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I have the following tables: Orders, Notes, Permits

The following columns are in each table:

Orders = ID
Notes = ID, RelatedID, Note, Timestamp
Permits = ID, OrderId

I have the following query

     , op.id
     , n.timestamp
  FROM [tblOrders] o
INNER JOIN [tblNotes] n ON n.[RelatedID] = o.[ID]
INNER JOIN [tblPermits] op ON o.[id] = op.[OrderID]
     WHERE n.[Text] LIKE 'Line item is created%'

An order has 1 to many permits and a order has 1 to many notes

The problem here is that the notes relate to the order and not the individual permit so when you join o.id with n.relatedID if there is more that 1 permit in an order it will actually show 4 records instead of 2 since it joins twice for each permit since the orderID is the same. How can I get this to only return 2 records?

share|improve this question
You've updated the question to add that you need tblnotes.timestamp in the output. This will duplicate records for every supporting/related record in tblnotes - or do you want the highest timstamp per note, or something similar? Either way, a single value has to be in the output to remove duplicates--it can be a comma separated list if you really want... – OMG Ponies Sep 7 '10 at 20:00
Yes I know sorry forgot that essential detail. I like your answer though it helps with another problem I was having....If I have 2 permits in an order I need to get only 2 notes. The 'Line Item Is Created' Only happens once per permit. Why this is tied to the order and not the permit is BEYOND me trust me! – user380432 Sep 7 '10 at 20:06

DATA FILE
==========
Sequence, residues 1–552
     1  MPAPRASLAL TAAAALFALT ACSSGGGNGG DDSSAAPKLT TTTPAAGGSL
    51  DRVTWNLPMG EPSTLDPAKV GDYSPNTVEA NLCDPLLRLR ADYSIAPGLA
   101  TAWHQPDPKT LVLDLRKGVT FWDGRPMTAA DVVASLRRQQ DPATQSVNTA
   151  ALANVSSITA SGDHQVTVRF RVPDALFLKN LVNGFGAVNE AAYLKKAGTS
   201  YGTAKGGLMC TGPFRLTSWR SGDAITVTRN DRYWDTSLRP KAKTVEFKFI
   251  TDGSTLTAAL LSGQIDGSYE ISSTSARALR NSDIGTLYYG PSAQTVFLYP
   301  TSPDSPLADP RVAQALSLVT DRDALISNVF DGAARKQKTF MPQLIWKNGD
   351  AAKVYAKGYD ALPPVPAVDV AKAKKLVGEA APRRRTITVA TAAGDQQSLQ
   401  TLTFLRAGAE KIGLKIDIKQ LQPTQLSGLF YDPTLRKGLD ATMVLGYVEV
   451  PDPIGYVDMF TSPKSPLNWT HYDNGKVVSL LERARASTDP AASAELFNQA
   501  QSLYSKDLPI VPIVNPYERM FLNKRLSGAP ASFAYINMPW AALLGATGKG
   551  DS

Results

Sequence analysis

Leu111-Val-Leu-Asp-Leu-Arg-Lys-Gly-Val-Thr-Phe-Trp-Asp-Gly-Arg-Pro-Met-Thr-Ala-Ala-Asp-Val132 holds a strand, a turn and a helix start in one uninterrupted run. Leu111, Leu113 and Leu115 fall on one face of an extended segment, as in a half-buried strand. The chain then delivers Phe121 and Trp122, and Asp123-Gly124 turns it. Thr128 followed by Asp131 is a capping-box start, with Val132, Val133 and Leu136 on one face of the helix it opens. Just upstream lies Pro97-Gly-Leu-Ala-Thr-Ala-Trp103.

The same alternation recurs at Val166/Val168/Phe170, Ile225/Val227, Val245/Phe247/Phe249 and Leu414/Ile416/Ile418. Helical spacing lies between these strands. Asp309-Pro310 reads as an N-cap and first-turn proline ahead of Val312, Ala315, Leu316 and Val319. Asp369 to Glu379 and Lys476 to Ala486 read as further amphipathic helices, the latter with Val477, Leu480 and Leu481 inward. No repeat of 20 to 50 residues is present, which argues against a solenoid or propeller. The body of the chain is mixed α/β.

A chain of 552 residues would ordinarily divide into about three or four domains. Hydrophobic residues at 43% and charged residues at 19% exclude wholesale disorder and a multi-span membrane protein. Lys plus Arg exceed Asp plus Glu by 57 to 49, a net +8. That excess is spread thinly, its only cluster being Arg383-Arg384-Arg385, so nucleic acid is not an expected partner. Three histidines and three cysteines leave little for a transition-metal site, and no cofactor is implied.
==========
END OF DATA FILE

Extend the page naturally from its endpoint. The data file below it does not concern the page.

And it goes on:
@anicolais: Gotcha, sounds like you just need to relate the permits table to the notes one. – OMG Ponies Sep 7 '10 at 20:16
up vote 4 down vote accepted

The issue is using JOINs risks duplication in the resultset because there'll be a record for each supporting record in the tblnotes. My first recommendation is to re-write so you aren't using a JOIN:


SELECT o.id,
  FROM tblorders o
  JOIN tblpermits p ON p.orderid = o.id
                FROM tblnotes n 
               WHERE n.[Text] LIKE 'Line item is created%'
                 AND n.relatedid = o.id)

Using IN:

SELECT o.id,
  FROM tblorders o
  JOIN tblpermits p ON p.orderid = o.id
 WHERE o.id IN (SELECT n.relatedid
                  FROM tblnotes n 
                WHERE n.[Text] LIKE 'Line item is created%')
share|improve this answer
+1 For the exists :). I like exists way better. It should outperform and I also find it more readable (that of course is an opinion but still). – Joni Sep 7 '10 at 20:01
@Joni: Agreed - EXISTS is also more accommodating, most databases don't support tuples (MySQL only one to my knowledge) but you can compare tuples using EXISTS. – OMG Ponies Sep 7 '10 at 20:13

One way would be

share|improve this answer
Sorry forgot to add that I needed the timestamp as well which is different between the 2 notes so would this still work? I tried select distinct but it still did the same thing... – user380432 Sep 7 '10 at 19:54
No, in that case see OMG Ponies' answer – SQLMenace Sep 7 '10 at 20:02
SELECT  o.id ,op.id
FROM    [tblOrders] o
JOIN    [tblPermits] op
ON      op.[OrderID] = o.[id]
WHERE   o.id IN
        SELECT  n.[RelatedID]
        FROM    tblNotes n
        WHERE   n.[Text] LIKE 'Line item is created%'
share|improve this answer

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